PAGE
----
traininstationIf you look up the word engineering in the dictionary then the first few definitions will probably refer to engines, structures and such like, but the third or fourth definition might describe it as ‘the action of working artfully to bring something about‘.  The origins of the word ‘engineering’ lie in the Latin word ‘ingeniare’, which means to contrive or devise.  Unfortunately, engines have been a phenomenal success and are now synonymous with our profession.  I say unfortunately, because it hides from the general public that we do far more that contrive and devise engines as sources of power.  The vast majority of engineers have nothing to do with engines and instead work artfully to bring about all of the other things in our man-made world.

The Roman poet, Lucretius in his poem De Rerum Natura (On the nature of things) wrote ‘Nothing in the body is made in order that we may use it. What happens to exist is the cause of its use’.  In other words things did not evolve in nature to meet a demand but instead uses were found for what evolved.  Engineering is the reverse of this: its use is the cause of the existence of everything.  Well, perhaps not quite because people find uses for devices which were not thought of by even the most artful designer.

Sources:

http://www.oxforddictionaries.com/definition/english/engineering

Press button for an exciting ride

Painting by Katy Gibson

Artist: Katy Gibson

Someone has suggested that I should write more about what engineers do.  So here is the first in a series of posts in that vein.

A few weeks ago, I went to the ‘Future Powertrains Conference‘ held at the National Motorcycle Museum near Birmingham, UK.  A ‘powertrain’ is the system that creates and delivers power to the wheels of vehicles.  It is at the heart of a motorcycle but they were not discussed at the conference and instead the discussion was about cars and commercial vehicles.  There was a big focus on achieving the EU commitment under the Kyoto Protocol to reduce greenhouse gas emissions (GHG) to below 18% of 1990 levels.

Electric powertrains figured strongly and would certainly improve the air quality in our urban environment but they shift the GHG emissions problem to our powerstations [see my post on ‘Energy Blending‘ on May 22nd, 2013 and on ‘Small is beautiful and affordable in nuclear powerstations‘ on January 14th, 2015]. Even so, the high energy density of fossil fuels means that they remain a very attractive option.  The question that engineers are trying to answer is whether their GHG emissions can be reduced to below 18% of their 1990 levels.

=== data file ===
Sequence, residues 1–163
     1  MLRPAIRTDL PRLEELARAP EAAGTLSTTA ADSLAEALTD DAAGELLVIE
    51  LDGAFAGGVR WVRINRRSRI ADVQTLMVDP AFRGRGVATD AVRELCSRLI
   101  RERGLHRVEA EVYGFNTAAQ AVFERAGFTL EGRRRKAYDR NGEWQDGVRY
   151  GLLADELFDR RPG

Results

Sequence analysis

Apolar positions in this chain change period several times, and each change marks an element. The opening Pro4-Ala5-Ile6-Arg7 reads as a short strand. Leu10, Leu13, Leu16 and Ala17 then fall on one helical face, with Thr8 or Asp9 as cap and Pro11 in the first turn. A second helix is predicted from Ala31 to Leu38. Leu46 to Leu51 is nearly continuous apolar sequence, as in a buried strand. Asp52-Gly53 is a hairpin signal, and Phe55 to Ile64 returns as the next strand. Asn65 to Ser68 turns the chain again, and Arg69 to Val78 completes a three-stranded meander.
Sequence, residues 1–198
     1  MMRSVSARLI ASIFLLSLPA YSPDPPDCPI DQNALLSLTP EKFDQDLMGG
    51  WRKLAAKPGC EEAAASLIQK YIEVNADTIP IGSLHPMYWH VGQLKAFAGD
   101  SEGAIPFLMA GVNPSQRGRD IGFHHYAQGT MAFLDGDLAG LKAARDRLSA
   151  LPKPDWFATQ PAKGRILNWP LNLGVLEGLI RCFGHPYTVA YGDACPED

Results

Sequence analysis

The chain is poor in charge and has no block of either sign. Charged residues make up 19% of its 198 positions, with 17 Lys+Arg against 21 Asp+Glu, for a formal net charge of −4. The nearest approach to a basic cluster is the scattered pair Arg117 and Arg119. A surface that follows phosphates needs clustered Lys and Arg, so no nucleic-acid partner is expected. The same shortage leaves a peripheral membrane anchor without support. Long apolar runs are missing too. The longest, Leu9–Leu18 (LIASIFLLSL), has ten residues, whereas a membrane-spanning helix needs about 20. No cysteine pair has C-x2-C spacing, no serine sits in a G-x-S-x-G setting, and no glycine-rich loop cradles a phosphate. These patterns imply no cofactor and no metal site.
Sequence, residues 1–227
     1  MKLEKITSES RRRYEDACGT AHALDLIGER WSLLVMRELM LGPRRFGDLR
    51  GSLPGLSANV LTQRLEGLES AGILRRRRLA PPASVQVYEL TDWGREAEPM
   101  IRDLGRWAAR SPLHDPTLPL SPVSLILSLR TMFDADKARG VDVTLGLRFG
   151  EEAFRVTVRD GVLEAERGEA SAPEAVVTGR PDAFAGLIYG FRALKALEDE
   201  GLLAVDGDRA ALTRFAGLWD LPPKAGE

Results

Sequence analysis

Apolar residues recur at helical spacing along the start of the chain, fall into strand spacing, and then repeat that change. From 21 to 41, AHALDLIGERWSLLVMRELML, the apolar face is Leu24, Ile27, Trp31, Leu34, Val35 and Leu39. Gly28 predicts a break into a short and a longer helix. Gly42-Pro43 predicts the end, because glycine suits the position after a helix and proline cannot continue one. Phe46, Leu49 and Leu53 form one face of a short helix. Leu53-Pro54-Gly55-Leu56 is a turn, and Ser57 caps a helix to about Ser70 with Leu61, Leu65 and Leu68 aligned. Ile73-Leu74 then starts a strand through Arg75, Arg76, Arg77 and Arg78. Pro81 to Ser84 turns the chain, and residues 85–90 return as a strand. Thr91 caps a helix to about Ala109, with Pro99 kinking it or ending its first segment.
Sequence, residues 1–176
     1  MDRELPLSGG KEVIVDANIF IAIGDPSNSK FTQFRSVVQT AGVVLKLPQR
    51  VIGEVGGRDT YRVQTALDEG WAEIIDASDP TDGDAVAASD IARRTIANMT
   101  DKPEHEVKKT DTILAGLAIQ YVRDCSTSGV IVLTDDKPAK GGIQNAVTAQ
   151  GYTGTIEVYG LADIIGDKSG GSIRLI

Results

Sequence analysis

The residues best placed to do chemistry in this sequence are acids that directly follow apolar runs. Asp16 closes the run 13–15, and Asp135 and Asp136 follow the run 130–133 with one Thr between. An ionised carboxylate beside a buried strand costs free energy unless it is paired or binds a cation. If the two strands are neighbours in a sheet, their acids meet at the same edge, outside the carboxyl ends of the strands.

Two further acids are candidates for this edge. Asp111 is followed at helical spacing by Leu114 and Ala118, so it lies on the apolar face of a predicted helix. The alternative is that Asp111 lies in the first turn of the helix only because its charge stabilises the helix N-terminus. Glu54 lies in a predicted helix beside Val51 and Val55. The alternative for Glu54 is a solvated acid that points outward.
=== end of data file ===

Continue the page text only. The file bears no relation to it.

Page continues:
CO2 emissions vs mass of light commercial vehicles (see source below)

CO2 emissions vs mass of light commercial vehicles

When you plot CO2 emissions as a function of kerb weight for all passenger cars the graph reveals that the best in class achieve about 0.1 grams CO2 emitted per kilogram of kerb weight.  Kerb weight is the term used for the weight of a car without passengers or luggage but with a full fuel tank.  Of course, this means the simple answer is that we should all drive lighter cars!

The EU has assumed that most of us will not opt for lighter cars and has introduced legislation which is forcing manufacturers towards 0.02 grams CO2 per kg, which is a huge challenge that is being tackled at the moment by engineers, such as Paul Freeman at Mahle Powertrain Ltd who spoke at the conference.  To help meet this challenge, the UK Automotive Council has produced a series of technology roadmaps such as the one shown below and discussed by Dr Martin Davy from Oxford University during the conference.

As an alternative, we could move more quickly towards driverless cars which would both use the powertrain more efficiently and reduce the risk of accidents to almost zero.  A very small risk of accidents would allow lighter cars to be designed without a heavy crash-resistant cage.  But, as one conference delegate commented on ‘driving’ a driverless car “where would be the fun in that!”  Perhaps that shows a lack of imagination. After all, we can create exciting and safe fairground rides in which you have no control over the ‘vehicle’ into which you are strapped.  So why shouldn’t there be an ‘extra excitement’ button in a driverless car in just the same way that some modern cars have a ‘sport’ button.

passenger_vehicle_roadmap

Source:

Top graphic: http://ec.europa.eu/clima/events/docs/0019/final_report_lcv_co2_250209_en.pdf

Bottom graphic: http://www.automotivecouncil.co.uk/wp-content/uploads/2013/09/Automotive-Council-Roadmaps.pdf